Scientists have discovered a new, renewable source of water on the moon for future explorers in lunar samples returned from a Chinese mission.
Cape Canaveral, Fla. — Scientists have discovered a new, renewable source of water on the Moon for future explorers in lunar samples taken from a Chinese mission.
The water was incorporated into tiny glass beads in the lunar dirt where meteorite impacts occur. These shiny, multicolored glass beads were present in samples returned from the Moon by China in 2020.
The beads range in size from the width of one hair to several hairs; The water content was just a tiny fraction of that, said Hejiu Hui of Nanjing University, who was involved in the study.
Since there are billions if not trillions of these impact beads, this could reach large amounts of water, but mining would be difficult, according to the team.
“Yeah, it’s going to take lots and lots of glass beads,” Hui said in an email. On the other hand, there are many, many beads on the moon.
These grains can continuously produce water thanks to the constant bombardment of hydrogen in the solar wind. The findings, published Monday in the journal Nature Geoscience, are based on 32 randomly selected glass beads of lunar dirt returned from the Chang’e 5 Moon mission.
Hui said more samples will be studied.
These impact grains are everywhere, the result of cooling molten material expelled by incoming space rocks. Water could be extracted by heating the beads, possibly by future robotic missions. More studies are needed to determine if this is possible, and if so, whether the water would be safe to drink.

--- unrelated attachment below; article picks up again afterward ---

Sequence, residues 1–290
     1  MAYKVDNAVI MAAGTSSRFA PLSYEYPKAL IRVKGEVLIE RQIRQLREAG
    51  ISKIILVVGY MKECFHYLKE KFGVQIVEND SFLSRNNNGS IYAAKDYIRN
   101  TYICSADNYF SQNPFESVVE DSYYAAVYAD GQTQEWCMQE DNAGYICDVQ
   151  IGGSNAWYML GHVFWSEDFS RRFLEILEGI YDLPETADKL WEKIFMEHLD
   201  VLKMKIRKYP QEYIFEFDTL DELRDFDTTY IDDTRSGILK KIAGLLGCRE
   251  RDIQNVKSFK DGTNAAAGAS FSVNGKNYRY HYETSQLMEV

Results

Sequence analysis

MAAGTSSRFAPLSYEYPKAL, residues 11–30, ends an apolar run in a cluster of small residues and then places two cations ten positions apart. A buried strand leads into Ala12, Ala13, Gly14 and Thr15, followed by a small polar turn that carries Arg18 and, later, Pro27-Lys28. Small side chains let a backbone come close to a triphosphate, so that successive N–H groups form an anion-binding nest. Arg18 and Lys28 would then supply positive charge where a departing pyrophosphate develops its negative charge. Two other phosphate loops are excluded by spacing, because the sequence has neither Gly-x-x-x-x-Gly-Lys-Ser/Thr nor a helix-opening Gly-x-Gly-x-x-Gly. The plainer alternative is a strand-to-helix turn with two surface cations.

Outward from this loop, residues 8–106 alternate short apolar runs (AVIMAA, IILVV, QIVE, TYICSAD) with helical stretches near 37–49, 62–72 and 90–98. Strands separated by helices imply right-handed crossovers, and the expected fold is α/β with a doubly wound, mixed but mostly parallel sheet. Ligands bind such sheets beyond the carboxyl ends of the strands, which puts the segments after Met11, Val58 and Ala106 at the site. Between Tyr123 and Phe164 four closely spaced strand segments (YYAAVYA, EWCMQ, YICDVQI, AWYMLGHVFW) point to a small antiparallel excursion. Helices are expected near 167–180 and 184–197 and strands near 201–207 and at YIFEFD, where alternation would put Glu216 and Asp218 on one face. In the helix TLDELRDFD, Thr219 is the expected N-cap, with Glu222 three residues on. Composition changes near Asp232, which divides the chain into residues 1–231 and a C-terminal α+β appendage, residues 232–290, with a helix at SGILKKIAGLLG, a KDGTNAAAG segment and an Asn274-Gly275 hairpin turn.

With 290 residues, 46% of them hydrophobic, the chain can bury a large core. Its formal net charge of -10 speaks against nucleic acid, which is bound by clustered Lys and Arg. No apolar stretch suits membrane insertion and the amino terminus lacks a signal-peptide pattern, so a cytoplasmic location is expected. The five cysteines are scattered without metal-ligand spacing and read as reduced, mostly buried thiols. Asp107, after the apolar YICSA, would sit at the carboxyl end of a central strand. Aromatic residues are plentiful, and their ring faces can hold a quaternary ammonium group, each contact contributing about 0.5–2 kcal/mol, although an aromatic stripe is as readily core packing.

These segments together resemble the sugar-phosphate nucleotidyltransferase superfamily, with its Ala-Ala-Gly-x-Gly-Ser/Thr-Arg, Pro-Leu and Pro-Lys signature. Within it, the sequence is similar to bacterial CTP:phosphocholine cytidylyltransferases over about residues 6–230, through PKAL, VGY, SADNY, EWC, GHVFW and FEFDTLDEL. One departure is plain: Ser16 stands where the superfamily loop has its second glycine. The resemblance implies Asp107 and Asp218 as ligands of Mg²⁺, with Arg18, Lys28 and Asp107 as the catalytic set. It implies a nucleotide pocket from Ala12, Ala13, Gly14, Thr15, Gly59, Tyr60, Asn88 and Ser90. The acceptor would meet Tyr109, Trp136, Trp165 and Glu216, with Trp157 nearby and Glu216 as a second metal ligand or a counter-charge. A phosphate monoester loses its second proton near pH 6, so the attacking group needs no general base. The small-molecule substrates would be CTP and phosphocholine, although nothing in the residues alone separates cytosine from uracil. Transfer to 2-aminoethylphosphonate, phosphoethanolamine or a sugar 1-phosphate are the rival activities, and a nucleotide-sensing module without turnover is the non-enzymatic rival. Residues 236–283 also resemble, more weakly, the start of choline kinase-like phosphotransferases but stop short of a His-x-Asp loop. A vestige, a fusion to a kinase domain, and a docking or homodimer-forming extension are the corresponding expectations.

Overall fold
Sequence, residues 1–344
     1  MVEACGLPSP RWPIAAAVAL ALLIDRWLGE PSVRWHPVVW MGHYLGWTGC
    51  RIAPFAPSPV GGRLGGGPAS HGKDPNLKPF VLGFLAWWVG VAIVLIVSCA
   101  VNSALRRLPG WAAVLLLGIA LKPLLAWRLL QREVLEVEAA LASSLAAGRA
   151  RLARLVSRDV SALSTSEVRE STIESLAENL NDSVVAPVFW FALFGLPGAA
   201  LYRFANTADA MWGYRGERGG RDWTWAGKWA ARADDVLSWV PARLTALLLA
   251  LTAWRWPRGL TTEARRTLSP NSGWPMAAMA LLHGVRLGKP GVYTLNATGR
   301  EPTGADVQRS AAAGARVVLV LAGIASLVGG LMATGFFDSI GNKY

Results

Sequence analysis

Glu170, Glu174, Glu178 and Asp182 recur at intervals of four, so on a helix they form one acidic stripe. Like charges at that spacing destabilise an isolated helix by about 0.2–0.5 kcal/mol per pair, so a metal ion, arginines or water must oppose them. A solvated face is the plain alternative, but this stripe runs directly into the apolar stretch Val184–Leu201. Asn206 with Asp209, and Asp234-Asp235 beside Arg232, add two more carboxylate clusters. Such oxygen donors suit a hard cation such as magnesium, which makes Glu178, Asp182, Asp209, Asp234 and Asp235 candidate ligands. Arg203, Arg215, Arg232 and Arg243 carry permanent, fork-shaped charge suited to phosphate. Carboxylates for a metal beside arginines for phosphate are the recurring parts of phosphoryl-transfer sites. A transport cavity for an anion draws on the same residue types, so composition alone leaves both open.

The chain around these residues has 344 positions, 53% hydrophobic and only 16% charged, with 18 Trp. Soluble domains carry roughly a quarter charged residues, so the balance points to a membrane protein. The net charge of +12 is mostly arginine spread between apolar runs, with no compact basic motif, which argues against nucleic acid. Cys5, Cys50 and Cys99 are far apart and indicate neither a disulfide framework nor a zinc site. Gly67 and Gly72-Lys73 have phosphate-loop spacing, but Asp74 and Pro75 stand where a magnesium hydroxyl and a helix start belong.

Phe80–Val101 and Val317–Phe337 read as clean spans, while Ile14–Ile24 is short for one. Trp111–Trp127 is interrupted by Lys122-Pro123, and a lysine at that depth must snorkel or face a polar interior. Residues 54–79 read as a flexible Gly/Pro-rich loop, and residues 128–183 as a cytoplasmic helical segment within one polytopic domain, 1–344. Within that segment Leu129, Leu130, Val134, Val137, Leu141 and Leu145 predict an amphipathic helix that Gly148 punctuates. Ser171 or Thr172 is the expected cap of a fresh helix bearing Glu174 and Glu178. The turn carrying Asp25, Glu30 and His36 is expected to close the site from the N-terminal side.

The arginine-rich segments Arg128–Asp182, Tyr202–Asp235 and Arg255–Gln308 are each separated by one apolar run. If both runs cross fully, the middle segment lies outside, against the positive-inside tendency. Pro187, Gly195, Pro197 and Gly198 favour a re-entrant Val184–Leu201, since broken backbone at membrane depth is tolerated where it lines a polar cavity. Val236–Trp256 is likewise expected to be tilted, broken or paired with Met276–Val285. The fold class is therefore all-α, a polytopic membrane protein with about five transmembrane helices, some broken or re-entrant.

This shows that “the water on the lunar surface can be recharged…a new water reservoir on the moon,” Hui said.
Previous studies have found water in glass beads formed by lunar volcanism, based on samples returned by Apollo astronauts on the lunar surface more than half a century ago. These could also provide water not only for use by future crews, but for rocket fuel.
NASA aims to return astronauts to the lunar surface by the end of 2025. They will target the south pole where the permanently shadowed craters are believed to be filled with frozen water.
___ The Associated Press Health and Science Department receives support from the Howard Hughes Medical Institute’s Science and Education Media group. AP is solely responsible for all content.
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